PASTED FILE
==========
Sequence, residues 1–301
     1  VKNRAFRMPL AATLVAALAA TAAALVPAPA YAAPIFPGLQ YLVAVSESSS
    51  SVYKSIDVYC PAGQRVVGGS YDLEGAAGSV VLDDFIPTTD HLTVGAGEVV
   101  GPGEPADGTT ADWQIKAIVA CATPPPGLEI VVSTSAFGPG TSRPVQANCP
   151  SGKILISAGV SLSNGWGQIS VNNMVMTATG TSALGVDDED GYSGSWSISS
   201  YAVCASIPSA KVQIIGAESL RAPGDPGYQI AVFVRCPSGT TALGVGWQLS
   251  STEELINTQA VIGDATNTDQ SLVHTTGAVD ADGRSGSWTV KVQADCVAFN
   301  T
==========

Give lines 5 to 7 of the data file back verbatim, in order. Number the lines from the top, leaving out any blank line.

   151  SGKILISAGV SLSNGWGQIS VNNMVMTATG TSALGVDDED GYSGSWSISS
   201  YAVCASIPSA KVQIIGAESL RAPGDPGYQI AVFVRCPSGT TALGVGWQLS
   251  STEELINTQA VIGDATNTDQ SLVHTTGAVD ADGRSGSWTV KVQADCVAFN